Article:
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Insect macros QUICK TIP Th is ma ke s a grea t rain y da y projec t. S tore some su i ta ble su bjec ts in ja rs so you don’t have to hun t for bugs wh en you wan t to sh oot macros

STEP BY STEP It’s a small world…

Get amazing results using this simple macro photography set up

01 The set up

02 Let there be light!

03 Get your camera ready

04 Focus and shoot

Lay down a piece of card (this will enable you to reposition the setup later, and provides background colour) and set a small stand on top – we used a small tripod. Peg your bug to the stand, and then mount your D-SLR onto a tripod. Position your camera roughly next to the main setup.

Put your camera into aperture-priority mode and set the aperture to f/16. Switch on Live View and frame the image up so you’re shooting your subject from a side angle. Set the ISO to 100 for maximum quality. You don’t need to worry about the shutter speed as the bug is not moving.

Natural VS LED

You can shoot using natural light only, but watch out for shadows if you do. To light our setup we used a LED ring light that fits over the end of our lens, and gently fills in the shadows. If you don’t have one of these you can use a couple of torches, but again watch out for shadows.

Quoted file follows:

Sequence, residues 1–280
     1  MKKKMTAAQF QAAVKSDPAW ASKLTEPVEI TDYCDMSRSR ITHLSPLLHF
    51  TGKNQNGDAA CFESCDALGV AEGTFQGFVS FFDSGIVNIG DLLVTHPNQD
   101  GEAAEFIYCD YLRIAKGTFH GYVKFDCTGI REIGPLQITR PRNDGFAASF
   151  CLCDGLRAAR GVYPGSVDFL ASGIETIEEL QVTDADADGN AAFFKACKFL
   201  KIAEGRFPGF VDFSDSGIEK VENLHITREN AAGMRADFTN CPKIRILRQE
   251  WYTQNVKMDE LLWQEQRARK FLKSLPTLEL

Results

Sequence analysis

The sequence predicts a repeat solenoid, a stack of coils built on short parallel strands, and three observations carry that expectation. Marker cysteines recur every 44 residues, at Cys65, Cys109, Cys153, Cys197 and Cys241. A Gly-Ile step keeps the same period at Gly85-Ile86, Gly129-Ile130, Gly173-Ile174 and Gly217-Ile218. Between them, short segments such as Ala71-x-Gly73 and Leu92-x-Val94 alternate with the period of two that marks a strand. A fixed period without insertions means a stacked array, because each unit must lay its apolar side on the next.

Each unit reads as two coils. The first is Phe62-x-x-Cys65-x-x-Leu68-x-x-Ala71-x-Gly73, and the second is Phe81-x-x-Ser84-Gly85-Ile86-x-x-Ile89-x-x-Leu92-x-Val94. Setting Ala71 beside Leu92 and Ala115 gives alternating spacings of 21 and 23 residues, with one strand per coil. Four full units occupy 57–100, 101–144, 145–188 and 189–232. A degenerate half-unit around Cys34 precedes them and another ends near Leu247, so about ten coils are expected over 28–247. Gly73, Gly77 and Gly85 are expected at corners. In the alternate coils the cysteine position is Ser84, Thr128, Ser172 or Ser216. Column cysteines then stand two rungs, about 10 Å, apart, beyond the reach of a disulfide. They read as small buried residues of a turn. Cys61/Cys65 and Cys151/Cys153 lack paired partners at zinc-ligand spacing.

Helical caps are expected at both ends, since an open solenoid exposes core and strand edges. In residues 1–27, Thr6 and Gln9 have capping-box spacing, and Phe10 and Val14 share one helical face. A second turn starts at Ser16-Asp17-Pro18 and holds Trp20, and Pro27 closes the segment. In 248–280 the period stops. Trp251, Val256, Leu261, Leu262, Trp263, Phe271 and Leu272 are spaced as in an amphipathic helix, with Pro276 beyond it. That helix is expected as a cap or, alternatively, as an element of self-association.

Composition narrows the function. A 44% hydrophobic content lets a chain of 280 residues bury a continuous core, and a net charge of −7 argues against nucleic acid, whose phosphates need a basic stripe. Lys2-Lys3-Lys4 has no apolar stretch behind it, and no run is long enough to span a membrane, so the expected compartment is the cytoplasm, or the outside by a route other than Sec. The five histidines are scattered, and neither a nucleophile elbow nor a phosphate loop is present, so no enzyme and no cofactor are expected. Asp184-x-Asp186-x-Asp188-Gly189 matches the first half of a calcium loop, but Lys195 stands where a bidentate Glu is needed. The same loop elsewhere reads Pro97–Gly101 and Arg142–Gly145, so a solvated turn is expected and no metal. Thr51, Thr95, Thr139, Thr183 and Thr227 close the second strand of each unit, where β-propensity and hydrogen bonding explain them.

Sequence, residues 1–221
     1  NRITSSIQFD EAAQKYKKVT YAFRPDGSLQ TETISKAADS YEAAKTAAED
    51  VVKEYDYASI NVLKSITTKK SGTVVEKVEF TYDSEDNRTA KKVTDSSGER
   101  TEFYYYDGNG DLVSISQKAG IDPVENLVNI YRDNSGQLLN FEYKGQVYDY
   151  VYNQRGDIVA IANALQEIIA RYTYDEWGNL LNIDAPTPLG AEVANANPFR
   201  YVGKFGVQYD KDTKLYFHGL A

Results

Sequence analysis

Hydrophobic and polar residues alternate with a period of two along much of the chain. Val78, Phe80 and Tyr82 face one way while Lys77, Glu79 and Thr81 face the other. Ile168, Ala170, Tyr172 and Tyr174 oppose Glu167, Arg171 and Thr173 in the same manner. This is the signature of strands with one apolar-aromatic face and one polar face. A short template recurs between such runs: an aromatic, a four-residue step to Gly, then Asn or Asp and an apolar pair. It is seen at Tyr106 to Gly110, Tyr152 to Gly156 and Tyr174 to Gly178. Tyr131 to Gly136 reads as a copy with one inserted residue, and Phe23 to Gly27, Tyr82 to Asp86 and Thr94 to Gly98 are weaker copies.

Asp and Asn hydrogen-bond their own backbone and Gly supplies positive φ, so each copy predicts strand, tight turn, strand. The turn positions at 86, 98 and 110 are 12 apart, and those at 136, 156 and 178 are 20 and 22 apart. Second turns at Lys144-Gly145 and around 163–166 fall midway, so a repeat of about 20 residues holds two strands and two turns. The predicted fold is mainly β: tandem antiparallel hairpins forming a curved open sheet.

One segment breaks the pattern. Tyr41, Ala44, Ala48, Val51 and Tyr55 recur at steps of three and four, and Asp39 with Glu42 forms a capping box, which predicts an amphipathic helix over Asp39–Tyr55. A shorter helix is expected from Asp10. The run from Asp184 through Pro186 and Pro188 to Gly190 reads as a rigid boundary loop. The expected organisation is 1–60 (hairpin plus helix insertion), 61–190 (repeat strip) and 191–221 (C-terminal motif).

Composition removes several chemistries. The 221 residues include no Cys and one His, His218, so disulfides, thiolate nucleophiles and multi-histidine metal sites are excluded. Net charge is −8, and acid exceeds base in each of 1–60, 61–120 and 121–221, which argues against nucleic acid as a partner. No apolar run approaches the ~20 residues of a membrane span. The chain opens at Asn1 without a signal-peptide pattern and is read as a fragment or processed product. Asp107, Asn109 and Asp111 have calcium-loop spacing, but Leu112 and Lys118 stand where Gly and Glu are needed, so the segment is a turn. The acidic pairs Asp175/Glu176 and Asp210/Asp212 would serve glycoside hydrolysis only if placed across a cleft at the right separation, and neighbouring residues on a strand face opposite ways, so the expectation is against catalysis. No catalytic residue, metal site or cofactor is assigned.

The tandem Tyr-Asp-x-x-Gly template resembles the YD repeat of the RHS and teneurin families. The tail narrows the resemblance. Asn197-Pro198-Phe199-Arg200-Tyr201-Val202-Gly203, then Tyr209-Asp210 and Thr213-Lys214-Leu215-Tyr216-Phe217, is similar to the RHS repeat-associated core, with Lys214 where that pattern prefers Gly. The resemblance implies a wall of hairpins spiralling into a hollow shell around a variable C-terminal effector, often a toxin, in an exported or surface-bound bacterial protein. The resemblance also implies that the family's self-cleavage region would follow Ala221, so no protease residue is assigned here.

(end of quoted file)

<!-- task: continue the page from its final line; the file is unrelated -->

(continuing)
Switch your lens to its manual setting and turn the focus ring to the minimum focusing distance. Move the bug into place by positioning the mat. When you think the eye is sharp, zoom in using Live View, and tweak for accuracy. Finally, take the shot using a remote shutter release.

top tips Getting closer

05 LED Lights

LED lights are easier to control than flash and give a soft, continuous light. Most produce a cool tone, so check the white balance.

The kits that helps you capture every detail of tiny subjects

01 Macro lens

03 Close up filters

A macro lens is defined as being able to capture a subject at a 1:1 ratio. Many ‘zoom’ macro lenses only capture a at 1:2 ratio.

Using a close up filter is essentially like placing a magnifying glass over your lens. You may see fringing and edge softness.

02 Extension tubes

Extension tubes turn a standard lens into a macro lens. You can also attach them to a macro lens to increase the magnification.

■ You can alter the final effect by changing the background colour and lighting setup. If you’re using just natural light, turn the exposure compensation to +1EV to lighten the background. The yellow background in this example is simply a food chopping board, and the moth has been lit using the LED ring light.

04 Shutter release

Macro photography is a delicate operation, so using a remote shutter release eliminates the chance of camera shake. If you don’t have one of these, use the self timer.

To watch the video use this web link… bit.ly/NPhoto35

August 2014

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